Kerry also praised the summit's French hosts for their work on the agreement, particularly in light of the recent terrorist attacks.

"We've taken a critical step forward," Kerry says, adding that the next actions will be equally important.

Update at 1:43 p.m. ET: 'Single Most Important Collective Action'

Conservation International Chairman and CEO Peter Seligmann says the COP21 agreement "is a transformative diplomatic victory," but he adds, "The hard work of delivery begins now. The security of nations and humanity depends upon the reduction of emissions and the protection of nature."

The group calls the agreement "the single most important collective action for addressing climate change ever agreed upon."

Update at 1:30 p.m. ET: Deal Is Adopted

The hall erupts into applause after no one objects to a final adoption of the deal to combat global warming and rein in greenhouse gases.

After the excitement dies down, Fabius is reminded he must use his gavel to make the results official.

"It's a small gavel, but I think it can do a great job," he says as he raps it on the table.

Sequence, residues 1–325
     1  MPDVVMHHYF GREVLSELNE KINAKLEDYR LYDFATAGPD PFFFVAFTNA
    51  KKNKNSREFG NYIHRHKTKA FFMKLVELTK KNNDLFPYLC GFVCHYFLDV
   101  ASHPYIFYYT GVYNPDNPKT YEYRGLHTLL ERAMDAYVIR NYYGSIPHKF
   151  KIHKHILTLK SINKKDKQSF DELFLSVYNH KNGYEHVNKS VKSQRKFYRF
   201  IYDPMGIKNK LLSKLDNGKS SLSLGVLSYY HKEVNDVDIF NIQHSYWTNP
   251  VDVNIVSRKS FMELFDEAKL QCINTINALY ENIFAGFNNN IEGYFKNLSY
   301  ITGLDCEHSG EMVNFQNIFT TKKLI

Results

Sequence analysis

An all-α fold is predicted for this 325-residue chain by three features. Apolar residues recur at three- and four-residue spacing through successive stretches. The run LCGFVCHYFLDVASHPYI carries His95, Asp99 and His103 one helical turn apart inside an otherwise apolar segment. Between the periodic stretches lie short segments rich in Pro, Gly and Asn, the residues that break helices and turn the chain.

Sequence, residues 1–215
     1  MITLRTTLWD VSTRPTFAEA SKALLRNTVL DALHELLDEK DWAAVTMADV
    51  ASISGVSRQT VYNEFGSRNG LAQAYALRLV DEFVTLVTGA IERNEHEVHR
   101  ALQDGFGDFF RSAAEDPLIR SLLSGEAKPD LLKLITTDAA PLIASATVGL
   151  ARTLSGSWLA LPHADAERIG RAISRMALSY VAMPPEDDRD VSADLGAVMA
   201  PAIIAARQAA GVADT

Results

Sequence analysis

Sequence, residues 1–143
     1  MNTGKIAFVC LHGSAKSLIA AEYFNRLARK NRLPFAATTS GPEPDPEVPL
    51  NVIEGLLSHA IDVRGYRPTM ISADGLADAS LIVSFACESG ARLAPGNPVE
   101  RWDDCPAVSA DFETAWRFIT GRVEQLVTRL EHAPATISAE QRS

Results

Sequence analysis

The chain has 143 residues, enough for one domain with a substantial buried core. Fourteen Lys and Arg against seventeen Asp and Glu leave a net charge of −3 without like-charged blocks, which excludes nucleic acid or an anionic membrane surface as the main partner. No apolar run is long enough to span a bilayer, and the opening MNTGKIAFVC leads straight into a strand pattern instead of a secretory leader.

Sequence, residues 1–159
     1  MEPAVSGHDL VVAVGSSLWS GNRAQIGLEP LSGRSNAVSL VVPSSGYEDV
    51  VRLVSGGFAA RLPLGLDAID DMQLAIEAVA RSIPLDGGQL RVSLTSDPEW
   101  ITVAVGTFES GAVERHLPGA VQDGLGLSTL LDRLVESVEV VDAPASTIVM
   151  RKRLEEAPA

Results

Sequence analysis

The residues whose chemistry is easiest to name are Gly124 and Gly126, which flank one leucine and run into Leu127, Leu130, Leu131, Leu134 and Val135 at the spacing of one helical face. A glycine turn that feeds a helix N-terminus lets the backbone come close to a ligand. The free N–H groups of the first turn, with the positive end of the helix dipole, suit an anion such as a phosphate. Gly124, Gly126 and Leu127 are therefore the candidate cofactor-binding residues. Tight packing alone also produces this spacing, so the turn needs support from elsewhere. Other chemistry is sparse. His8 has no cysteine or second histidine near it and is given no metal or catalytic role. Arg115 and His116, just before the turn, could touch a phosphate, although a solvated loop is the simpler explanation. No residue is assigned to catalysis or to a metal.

Update at 1:18 p.m. ET: The Session Has Begun

After hours of delays, Fabius begins the evening's proceedings in France. The event quickly turns to correcting errors in the documents, such as differences between translations of the deal (it's in six languages).

Update at 12:50 p.m. ET: U.S. Supports Deal; Meeting Still Pending

With delays slowing the start of the meeting, we're hearing word that U.S. climate envoy Todd Stern says the United States will agree to the deal. Stern spoke to reporters as delegates entered the main gathering hall.

The Like Minded Group of Developing Countries — China, India, Saudi Arabia, and others — has said through a spokesman that they're "happy" with the deal, the BBC reports.

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"The end is in sight. Let us now finish the job," UN Secretary-General Ban Ki-moon told delegates at the two-week meetings. "The whole world is watching. Billions of people are relying on your wisdom."

The document includes two essential recognitions:

  • "that climate change represents an urgent and potentially irreversible threat to human societies and the planet and thus requires the widest possible cooperation by all countries"
  • "that deep reductions in global emissions will be required in order to achieve the ultimate objective of the Convention and emphasizing the need for urgency in addressing climate change."

The deal also calls for five-year updates on how the plan is being instituted.
For it to take effect, all 196 individual governments in the UN's Framework Convention on Climate Change will need to adopt the final document. Working out terms of the deal required adding an extra day to the conference.

"Major hurdles included how much wealthy countries would spend to help developing countries adapt to climate change," NPR's Christopher Joyce reports from Paris. Chris adds, "donor countries will retain the right to monitor how that money is spent.